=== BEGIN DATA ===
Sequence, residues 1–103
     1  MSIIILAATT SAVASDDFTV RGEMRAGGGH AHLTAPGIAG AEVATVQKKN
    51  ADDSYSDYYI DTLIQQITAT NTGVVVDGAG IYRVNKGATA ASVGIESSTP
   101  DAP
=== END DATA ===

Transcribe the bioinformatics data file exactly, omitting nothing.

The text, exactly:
Sequence, residues 1–103
     1  MSIIILAATT SAVASDDFTV RGEMRAGGGH AHLTAPGIAG AEVATVQKKN
    51  ADDSYSDYYI DTLIQQITAT NTGVVVDGAG IYRVNKGATA ASVGIESSTP
   101  DAP